Geological Society of America honors service to the society and to society for 2009

December 02, 2009

Boulder, CO, USA - Awards recognizing outstanding service in pursuit of the mission and goals of The Geological Society of America (GSA) were presented at the Presidential Address and Awards Ceremony on Saturday, 17 October 2009, during the Society's annual meeting in Portland, Oregon.

Karl E. Karlstrom, professor of geology at the University of New Mexico, was honored with the GSA Distinguished Service Award for 2009, for his exceptional and longtime service on behalf of GSA publications. Karlstrom served as editor of GSA Today from 2000 to 2003, editor of GSA Bulletin from 2005 to 2008, and served on the editorial board of Geology from 1988 to 1991. Karlstrom was recognized for his leadership in upholding GSA's reputation as a premier provider of geoscience information.

"Under his guidance, the monthly GSA Today science article routinely became the paper with the most hits on the GSA Website," said J. Brendan Murphy, of St. Francis Xavier University, in citing Karlstrom for this award. Karlstrom sought groundbreaking articles for the member news journal that represented the breadth and depth of geoscience. In addition, articles often dealt with hot topics or controversies, were illustrated with outstanding graphics, and were relevant to a broad international readership. Many professors use these articles in their graduate and undergraduate classes.

Karlstrom worked tirelessly to maintain the international stature of GSA Bulletin and helped to shape its niche as a prime outlet for high-impact, data-rich, archival papers. GSA Bulletin's impact factor rose steadily during his tenure, and online delivery reduced publication lag time. He helped the journal to evolve and improve, paving the way for GSA's new journals, Geosphere and Lithosphere.

Read Karlstrom's complete citation and response at

Bruce F. Molnia of the U.S. Geological Survey in Reston, Virginia, received the 2009 GSA Public Service Award for enhancing public understanding of the earth sciences. This award, established in 1998, is given in honor of Eugene and Carolyn Shoemaker.

"Molnia's work is known to many American laypeople, even if they don't know his name, because of his superb photo documentation of Alaska's receding glaciers," said John F. Shroder, Jr., of the University of Nebraska-Omaha, in citing Molnia for this award. "These photos have been shown in many places, including the 2005 Smithsonian magazine article, Baked Alaska." As writer Laura Hemuth noted, Molnia's "pictures may be less precise than satellite analyses, [and] GPS studies... But his before-and-after photographs offer perhaps the most vivid evidence that Alaska's glaciers are indeed melting."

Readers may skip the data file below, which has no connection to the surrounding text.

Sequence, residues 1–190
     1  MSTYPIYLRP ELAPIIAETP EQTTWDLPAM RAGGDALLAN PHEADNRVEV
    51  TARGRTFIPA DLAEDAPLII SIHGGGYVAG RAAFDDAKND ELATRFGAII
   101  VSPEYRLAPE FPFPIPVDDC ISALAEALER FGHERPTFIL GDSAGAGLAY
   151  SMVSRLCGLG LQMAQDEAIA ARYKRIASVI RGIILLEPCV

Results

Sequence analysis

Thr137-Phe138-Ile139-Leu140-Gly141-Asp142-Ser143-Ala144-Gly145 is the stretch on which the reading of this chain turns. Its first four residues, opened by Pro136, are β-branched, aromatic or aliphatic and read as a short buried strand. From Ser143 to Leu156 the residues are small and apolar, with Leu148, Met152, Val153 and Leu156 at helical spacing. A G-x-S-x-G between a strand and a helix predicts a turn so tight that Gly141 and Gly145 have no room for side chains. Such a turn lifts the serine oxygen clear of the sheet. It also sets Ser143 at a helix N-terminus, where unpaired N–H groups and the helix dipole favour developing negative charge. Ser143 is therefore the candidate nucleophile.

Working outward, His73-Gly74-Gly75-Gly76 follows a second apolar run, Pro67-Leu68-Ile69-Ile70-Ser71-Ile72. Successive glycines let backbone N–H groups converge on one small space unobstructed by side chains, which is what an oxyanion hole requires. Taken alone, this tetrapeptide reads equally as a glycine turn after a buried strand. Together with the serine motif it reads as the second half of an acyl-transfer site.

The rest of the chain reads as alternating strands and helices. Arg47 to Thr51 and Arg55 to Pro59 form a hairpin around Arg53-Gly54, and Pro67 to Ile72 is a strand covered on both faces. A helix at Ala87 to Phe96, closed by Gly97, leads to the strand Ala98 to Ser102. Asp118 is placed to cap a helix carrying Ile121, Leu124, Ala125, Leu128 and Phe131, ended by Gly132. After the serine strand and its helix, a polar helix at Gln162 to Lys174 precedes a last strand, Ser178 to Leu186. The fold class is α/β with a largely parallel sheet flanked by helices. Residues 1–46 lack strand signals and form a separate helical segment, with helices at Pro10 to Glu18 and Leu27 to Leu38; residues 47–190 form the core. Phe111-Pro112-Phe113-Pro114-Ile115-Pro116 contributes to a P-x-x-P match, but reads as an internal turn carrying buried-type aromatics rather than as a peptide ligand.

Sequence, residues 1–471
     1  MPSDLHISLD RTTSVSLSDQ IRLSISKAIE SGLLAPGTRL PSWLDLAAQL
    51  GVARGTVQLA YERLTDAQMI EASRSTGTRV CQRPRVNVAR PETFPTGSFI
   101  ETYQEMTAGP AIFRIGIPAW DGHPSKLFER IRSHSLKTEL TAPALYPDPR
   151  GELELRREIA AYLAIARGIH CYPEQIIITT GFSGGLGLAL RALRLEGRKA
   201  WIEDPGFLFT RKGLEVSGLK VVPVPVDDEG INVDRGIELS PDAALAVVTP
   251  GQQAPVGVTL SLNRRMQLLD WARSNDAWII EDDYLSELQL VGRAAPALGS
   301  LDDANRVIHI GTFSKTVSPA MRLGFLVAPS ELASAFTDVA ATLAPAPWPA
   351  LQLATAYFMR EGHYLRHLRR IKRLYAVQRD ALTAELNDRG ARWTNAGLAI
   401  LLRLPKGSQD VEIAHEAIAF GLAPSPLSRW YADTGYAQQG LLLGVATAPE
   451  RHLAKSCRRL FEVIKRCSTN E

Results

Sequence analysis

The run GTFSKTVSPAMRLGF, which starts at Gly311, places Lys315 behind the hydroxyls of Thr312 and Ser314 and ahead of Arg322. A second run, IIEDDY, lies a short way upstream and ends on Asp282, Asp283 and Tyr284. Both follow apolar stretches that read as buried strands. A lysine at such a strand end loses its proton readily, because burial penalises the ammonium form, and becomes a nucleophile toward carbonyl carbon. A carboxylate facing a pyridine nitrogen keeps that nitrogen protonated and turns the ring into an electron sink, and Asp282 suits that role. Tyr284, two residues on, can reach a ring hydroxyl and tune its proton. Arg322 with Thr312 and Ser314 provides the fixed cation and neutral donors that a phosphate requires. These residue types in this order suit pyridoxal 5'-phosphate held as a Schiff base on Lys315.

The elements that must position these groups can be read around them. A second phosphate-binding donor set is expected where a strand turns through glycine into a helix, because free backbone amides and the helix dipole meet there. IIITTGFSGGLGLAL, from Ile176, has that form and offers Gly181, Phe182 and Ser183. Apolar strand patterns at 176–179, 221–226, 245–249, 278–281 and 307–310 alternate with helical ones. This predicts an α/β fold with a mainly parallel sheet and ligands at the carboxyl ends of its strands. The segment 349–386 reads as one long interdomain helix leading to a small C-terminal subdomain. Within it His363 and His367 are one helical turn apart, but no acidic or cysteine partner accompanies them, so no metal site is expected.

Molnia's Glaciers of Alaska, from the Satellite Image Atlas of Glaciers of the World (U.S. Geological Survey professional paper, 1386-K), documents technical details of the dramatic change in the ice of the northernmost U.S. state.

Molnia's wide-ranging public service over the past three decades includes more than just Alaskan glaciers. As "Forum" editor for GSA Today, he wrote more than 100 monthly columns. He has been the USGS Chief of International Programs and worked on international nuclear issues in the Arctic and Russian Far East. He served as science coordinator for a Japan-Russia-U.S. study group on nuclear waste dumping. Molnia also served as a Senior Legislative Fellow in the office of Congressman Curt Weldon from 1999 to 2003, operating a caucus on ocean-policy issues.

His work on environmental issues, oceans, and glaciers reflects his consuming interest in serving the public with the best geoscience information.

Read Molnia's complete citation and response at
The Geological Society of America, founded in 1888, is a scientific society with more than 22,000 members from academia, government, and industry in more than 95 countries. Through its meetings, publications, and programs, GSA enhances the professional growth of its members and promotes the geosciences in the service of humankind. Headquartered in Boulder, Colorado, GSA encourages cooperative research among earth, life, planetary, and social scientists, fosters public dialogue on geoscience issues, and supports all levels of earth science education.

Geological Society of America

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